The level of antioxidants in purple potatoes is similar to that of Brussels sprouts or spinach, averaging 16 to 57 mg per 100 grams.
Having a higher intake of anthocyanins is linked to several benefits, including healthier cholesterol levels, improved vision and eye health, a lower risk of heart disease, certain cancers, and diabetes.
- Rich in fiber
While the recommended daily intake of fiber is 25 to 30 grams for adults, the average fiber intake of an adult American is way less at 15 grams.
Dietary fiber is necessary to maintain optimal gut health, immune system, and bowel movements.
High fiber diets provide many benefits, including weight loss, preventing constipation, stabilizing blood sugar levels, and improving cholesterol levels.
When eating potatoes, consider leaving the skin on.
About half the fiber in a whole potato comes from the skin.
Purple potatoes are rich in resistant starch that our bodies cannot digest.
The food then moves through your intestinal tract and finds itself in the colon, where your gut bacteria live.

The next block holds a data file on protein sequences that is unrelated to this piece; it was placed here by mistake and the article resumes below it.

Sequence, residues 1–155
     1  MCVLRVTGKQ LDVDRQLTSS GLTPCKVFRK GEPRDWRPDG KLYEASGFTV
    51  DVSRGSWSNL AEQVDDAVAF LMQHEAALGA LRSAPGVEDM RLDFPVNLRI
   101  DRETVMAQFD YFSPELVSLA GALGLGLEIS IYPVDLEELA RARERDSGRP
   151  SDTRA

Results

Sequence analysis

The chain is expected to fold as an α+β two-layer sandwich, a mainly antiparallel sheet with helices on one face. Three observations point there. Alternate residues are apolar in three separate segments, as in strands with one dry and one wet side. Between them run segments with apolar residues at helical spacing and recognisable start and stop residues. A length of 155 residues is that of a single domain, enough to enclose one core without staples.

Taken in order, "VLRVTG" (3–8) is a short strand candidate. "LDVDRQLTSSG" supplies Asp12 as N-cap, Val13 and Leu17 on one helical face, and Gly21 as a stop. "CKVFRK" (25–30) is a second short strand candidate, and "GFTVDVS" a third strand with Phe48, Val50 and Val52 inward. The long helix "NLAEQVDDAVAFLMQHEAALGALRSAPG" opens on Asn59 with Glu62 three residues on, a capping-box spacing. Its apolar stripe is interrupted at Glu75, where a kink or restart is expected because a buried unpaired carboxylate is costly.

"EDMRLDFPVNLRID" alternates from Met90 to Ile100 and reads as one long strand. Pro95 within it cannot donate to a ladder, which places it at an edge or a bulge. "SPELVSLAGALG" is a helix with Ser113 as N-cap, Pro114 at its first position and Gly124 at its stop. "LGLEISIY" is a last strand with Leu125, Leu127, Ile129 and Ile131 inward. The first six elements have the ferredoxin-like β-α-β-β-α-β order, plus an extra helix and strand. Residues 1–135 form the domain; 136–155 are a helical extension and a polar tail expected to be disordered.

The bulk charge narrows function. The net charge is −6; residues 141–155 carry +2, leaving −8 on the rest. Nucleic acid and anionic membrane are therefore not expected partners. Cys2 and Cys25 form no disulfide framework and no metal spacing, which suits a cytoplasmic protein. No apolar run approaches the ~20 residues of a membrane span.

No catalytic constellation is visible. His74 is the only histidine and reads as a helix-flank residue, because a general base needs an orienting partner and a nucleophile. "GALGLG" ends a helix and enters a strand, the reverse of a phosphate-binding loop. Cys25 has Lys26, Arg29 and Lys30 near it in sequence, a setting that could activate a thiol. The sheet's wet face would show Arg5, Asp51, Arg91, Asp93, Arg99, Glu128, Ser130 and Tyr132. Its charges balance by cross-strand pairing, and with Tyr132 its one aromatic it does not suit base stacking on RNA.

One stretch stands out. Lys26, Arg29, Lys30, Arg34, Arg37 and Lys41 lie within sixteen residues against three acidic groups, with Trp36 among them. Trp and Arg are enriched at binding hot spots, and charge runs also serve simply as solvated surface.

These gut bacteria are responsible for maintaining a healthy digestive system, promoting good bowel movements, and defending the body against the invasion of harmful bacteria.
Purple Potatoes Nutrition Facts
The nutritional content of 100g of purple potatoes are:
Purple potatoes are commonly eaten on the Japanese island of Okinawa, a blue zone home to an exceptionally healthy elderly population, with a large number of centurions and a low rate of dementia.
Some scientists credit their longevity to the consumption of purple sweet potatoes contributing to their physical and mental health.
Most of the energy in the traditional diet comes from the calories in the sweet potato.
An American study of 2279 Okinawans in 1949 showed that 69% of all their food was sweet potatoes.
In total, the study found that the diet was more than 96% plant-based, with a total of more than 90% whole food plant-based.
They consumed little to no processed food.
How many calories are in a purple potato?
How many calories are in a purple potato varies significantly depending on how they are cooked.